Kentucky has a law that restricts the ability of a candidate to appear twice on a ballot–for example, for Senate and Kentucky. There have been murmurings that Senator Rand Paul would seek to get the law changed. Though Paul’s counsel suggests that this law is inconsistent with Supreme Court precedent.
“Federal law governs federal elections, and the Supreme Court has made it clear that states cannot impose additional qualifications beyond those in the Constitution,” Doug Stafford, a senior adviser to Mr. Paul, wrote by email. “We are not seeking to change the law, but rather to clarify that the Kentucky statute does not apply to federal elections.”
He didn’t say it outright, but this suggests that Paul believes the law, as applied to him, is unconstitutional.
Would this would pose any problems under U.S. Term Limits v. Thornton–specifically, can a state add additional requirements to be listed on the ballot for federal office. In this case, the additional requirement would be not running for another office.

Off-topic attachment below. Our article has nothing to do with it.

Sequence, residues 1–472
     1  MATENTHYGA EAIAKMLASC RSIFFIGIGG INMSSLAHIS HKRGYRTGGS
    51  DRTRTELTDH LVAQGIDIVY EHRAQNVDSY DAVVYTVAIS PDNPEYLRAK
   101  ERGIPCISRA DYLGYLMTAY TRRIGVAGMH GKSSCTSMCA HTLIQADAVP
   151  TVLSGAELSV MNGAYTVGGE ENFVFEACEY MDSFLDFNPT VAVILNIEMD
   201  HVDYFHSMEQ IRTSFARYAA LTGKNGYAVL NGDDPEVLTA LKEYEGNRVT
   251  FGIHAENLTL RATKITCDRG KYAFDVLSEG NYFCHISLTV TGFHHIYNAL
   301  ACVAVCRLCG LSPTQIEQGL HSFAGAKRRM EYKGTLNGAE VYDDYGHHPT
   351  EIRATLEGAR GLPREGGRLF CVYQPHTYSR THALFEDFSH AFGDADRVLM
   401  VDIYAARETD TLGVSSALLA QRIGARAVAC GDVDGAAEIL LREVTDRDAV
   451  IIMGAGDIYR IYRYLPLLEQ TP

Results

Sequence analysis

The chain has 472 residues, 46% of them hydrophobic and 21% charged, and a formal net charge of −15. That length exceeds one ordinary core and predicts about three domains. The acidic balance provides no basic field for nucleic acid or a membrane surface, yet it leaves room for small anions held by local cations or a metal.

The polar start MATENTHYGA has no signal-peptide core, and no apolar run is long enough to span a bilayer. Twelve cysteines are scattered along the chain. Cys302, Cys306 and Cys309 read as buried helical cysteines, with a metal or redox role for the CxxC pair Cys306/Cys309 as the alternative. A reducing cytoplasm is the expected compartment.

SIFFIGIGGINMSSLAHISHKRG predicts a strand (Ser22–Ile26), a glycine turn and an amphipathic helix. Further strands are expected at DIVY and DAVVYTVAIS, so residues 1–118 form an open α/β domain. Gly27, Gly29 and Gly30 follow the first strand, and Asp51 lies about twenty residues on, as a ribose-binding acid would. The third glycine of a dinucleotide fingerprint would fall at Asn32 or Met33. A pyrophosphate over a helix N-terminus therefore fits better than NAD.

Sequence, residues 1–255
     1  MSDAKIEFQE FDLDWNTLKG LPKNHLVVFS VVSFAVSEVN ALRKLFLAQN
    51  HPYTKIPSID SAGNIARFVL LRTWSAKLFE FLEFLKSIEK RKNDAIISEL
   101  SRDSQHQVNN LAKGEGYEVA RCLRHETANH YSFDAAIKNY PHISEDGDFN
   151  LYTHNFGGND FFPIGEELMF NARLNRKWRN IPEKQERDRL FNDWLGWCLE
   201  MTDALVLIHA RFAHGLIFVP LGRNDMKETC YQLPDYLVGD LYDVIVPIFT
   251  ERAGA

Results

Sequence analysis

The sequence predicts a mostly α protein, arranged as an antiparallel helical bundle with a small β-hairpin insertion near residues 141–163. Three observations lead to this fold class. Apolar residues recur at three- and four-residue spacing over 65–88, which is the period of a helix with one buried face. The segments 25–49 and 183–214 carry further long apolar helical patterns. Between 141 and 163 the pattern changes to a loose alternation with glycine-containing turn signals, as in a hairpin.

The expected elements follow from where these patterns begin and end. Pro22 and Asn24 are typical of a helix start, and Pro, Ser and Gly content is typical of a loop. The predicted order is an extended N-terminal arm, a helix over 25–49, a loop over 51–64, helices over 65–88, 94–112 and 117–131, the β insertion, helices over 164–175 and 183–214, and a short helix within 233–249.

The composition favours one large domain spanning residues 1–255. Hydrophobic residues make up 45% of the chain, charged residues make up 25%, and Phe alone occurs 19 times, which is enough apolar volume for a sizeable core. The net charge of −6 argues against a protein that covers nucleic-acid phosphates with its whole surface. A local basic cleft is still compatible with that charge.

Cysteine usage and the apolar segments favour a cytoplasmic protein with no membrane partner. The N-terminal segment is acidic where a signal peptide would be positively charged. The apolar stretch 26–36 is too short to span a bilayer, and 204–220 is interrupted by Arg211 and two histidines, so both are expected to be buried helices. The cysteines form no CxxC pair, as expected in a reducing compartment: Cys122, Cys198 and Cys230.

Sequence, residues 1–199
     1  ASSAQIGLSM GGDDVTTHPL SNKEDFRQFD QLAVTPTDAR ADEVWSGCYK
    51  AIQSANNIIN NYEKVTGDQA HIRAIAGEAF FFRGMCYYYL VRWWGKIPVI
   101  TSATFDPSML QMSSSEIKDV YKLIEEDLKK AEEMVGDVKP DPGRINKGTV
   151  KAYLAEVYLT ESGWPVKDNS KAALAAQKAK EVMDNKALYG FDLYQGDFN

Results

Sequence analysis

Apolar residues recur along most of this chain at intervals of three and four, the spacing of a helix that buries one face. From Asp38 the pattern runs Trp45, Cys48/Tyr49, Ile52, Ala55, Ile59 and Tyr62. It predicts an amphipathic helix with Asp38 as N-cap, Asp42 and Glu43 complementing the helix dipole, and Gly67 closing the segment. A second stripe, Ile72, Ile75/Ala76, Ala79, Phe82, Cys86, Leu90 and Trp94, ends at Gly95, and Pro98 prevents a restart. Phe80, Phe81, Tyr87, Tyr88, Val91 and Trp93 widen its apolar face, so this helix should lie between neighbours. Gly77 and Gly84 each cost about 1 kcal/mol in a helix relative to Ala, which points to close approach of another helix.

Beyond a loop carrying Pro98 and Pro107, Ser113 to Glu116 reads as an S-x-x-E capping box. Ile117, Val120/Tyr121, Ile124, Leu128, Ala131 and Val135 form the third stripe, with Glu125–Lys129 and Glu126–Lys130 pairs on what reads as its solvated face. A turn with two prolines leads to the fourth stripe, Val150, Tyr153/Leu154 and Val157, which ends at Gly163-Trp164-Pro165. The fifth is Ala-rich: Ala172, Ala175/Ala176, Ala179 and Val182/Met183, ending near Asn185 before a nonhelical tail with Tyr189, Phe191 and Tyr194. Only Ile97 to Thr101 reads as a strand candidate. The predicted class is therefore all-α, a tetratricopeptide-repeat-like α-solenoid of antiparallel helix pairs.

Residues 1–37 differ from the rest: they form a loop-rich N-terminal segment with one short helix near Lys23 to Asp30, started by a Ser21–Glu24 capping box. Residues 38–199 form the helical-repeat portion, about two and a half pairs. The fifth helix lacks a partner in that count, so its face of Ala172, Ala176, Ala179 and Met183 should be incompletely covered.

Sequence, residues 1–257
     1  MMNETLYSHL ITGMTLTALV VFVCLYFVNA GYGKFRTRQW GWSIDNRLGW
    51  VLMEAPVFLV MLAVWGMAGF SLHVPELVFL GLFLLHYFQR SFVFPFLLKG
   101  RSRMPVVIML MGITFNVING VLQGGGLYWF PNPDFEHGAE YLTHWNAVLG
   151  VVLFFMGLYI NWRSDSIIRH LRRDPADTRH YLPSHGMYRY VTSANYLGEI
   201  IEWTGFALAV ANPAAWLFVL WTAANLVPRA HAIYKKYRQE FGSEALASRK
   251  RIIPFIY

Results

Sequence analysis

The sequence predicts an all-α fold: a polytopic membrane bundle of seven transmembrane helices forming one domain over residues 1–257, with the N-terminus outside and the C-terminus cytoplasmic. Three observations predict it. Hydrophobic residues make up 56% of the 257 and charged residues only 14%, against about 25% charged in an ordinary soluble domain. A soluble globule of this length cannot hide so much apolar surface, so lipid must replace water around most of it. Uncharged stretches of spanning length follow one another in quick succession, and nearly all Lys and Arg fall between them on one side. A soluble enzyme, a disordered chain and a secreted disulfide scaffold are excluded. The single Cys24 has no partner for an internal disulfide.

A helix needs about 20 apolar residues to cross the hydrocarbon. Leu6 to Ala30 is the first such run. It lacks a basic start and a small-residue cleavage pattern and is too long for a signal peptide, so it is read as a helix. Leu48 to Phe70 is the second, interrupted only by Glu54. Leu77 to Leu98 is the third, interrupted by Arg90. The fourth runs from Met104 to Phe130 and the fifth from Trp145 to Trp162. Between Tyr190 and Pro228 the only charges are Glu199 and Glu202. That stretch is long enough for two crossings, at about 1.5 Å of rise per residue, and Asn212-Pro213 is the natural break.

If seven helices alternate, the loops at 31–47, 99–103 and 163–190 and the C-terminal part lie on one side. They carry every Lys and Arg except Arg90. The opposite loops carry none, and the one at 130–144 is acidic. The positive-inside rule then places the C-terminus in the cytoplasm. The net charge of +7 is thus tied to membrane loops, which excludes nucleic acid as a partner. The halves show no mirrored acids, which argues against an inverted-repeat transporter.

I posed this question earlier to Rick Hasen and Derek Muller. Both said this law is okay.
@JoshMBlackman I don’t see a problem. Most ballot access restrictions are ok under US Term limits and Cook v. Gralike
— Rick Hasen (@rickhasen) March 10, 2014
@JoshMBlackman @rickhasen I’d argue states have more control over presidential elections, so conditions acceptable.
— Derek T. Muller (@derektmuller) March 10, 2014